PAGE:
Still, the 4,500 workers at the flagship plant in Bethlehem weren't buying it. Yes, the bottom line looked better, the company staved off bankruptcy and a stock that sank below $5 a share in 1986 was pushing $20 by the end of 1992. But there were ominous signs that the trouble never really left.
Bethlehem Steel was shrinking fast. Pensioners outnumbered workers more than three to one, mini-mills Nucor and Chaparral Steel were selling beams that Bethlehem Steel executives thought could never be efficiently rolled from electric furnace steel. And most worrisome to workers, all of the profits Bethlehem Steel intended for modernization were leaving Bethlehem. More than $80 million was about to be spent on a new electric furnace at the Steelton plant something that workers desperately had wanted in Bethlehem. To employees, that was a clear message that the company had already given up on its flagship plant.
A $50 million upgrade of the Grey mill in 1988 was only a pitiful Band-Aid. It was spent to modernize the middle mill of a three-mill operation. The steel went into the same outdated blooming mill, where it was reduced to a dog-bone-shaped form, and still came out of the same obsolete finishing mill, where the beam was completed. The fact it was rolled into a beam by passing through a new, modern Grey mill in the middle didn't change the product. Without an additional $200 million to replace the two other mills, the money to replace the Grey mill was money burned, workers argued.
Management had given up on the flagship plant long ago, says Stephen ''Hector'' Nemes. He was a beam straightener and crane operator in the Bethlehem plant before he was elected to the union's grievance committee and worked his way up to staff representative for the United Steelworkers International union. With more than 16 years' experience in grievance arbitration and contract negotiations, he'd learned he was more likely to get what he wanted by checking the militant union talk at the door. He found respect and cordial words, even for the cutthroat company negotiators that other union representatives treated with only scorn.
Nemes had been through the dark days of the 1980s and was convinced there was no turning things around in Bethlehem. The plant's fate was sealed; it was just a matter of time. He had believed this ever since the company spent a half-billion dollars to build continuous casters at Sparrows Point and Burns Harbor, while delaying modernization at Bethlehem.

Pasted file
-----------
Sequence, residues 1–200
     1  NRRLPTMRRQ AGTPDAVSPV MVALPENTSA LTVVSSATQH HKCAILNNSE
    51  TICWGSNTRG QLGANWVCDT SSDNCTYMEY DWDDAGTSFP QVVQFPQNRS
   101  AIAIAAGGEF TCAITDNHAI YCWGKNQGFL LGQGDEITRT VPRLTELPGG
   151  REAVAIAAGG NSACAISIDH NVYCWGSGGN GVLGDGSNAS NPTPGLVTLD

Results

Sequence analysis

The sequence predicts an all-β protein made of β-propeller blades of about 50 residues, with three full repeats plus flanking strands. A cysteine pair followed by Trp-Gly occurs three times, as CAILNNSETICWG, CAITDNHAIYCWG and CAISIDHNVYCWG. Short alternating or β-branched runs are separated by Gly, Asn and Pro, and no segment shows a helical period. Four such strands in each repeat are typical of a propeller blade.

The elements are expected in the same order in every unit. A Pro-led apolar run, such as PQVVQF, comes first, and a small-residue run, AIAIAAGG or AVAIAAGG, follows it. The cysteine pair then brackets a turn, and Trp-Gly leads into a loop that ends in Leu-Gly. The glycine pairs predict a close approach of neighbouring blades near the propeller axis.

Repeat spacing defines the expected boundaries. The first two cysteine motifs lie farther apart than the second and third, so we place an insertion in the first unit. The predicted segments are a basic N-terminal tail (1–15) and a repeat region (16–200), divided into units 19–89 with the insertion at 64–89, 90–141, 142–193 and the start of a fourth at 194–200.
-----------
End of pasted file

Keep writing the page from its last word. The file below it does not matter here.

In 1986, the company threatened to close primary steelmaking in Bethlehem if the union didn't agree to trim 550 from the work force. Nemes recommended the cuts be accepted, angering some workers accustomed to a more hard-nosed stance from their negotiators. Big profits in some of the years since then hadn't changed his view of the company's future.
''Really, starting in 1986, I completely changed my strategy,'' Nemes says. ''I decided that I would do whatever it took, give back whatever was necessary to keep those plants open a little longer. For me, it was all about getting more guys vested in the pension. Every year we stayed open meant thousands of more guys had pensions. That's what drove me, because I knew Bethlehem had no long-term future.''
Nemes wasn't alone in that assessment, but in 1991, there was new reason for hope. On and off for the previous two years, Bethlehem Steel's top brass secretly was negotiating with British Steel for a joint venture. As the deal came closer to fruition, the talks went public because concessions would be needed from the Bethlehem plant workers for the partnership to succeed. The deal was a double-edged sword for the 4,500 workers still making steel in Bethlehem. It would give the company that built the Golden Gate Bridge and much of Manhattan a chance to begin reshaping the skylines in Europe. But it also would mean concessions by the union and the loss of about 2,000 jobs at the Bethlehem plant.
Under the proposed deal, Bethlehem's last running blast furnace and its basic oxygen furnaces would be shut down. The Steelton plant would be modernized. Its electric furnaces would be used to make steel for structural beams for British Steel. Those beams would be sent to Bethlehem for finishing into beams by the 2,500 workers who survived the cut. Those remaining workers would have lower salaries and benefits.
British Steel would supply capital for modernization that Bethlehem Steel didn't have, a widened customer base and international marketing experience.
While analysts and executives billed it as the deal that could save Bethlehem from ruin, it was bitter medicine for union workers to swallow. How much more would they have to give up so that executives and stockholders could make more money, they asked. They were promised modernization that never came modernization that could have allowed them to stand on their own rather than cater to a foreign company that wasn't even going to let them make the steel.
On Nov. 11, 1991, Bethlehem Steel announced that the deal was dead. Two years of negotiations had failed, and executives blamed the union for refusing to accept cuts in wages and benefits, among other concessions. One of the biggest sticking points was a provision that would have ended seniority and cut the Bethlehem workers out of the basic contract agreement, ending their right to transfer to other plants if they were laid off later.
O'Brien, by then assistant director of the United Steelworkers statewide, says the union was unfairly blamed for the deal's failure.
''If they thought we were going to let them throw up a wall at the Bethlehem plant, they were crazy,'' O'Brien says. ''That deal wasn't happening anyway. British Steel didn't have the money to close it. The whole thing was smoke and mirrors.''
After starting with such promise, 1991 ended with the company's fifth consecutive loss ($649 million), the demise of a deal that could have saved the company and a future more uncertain than ever.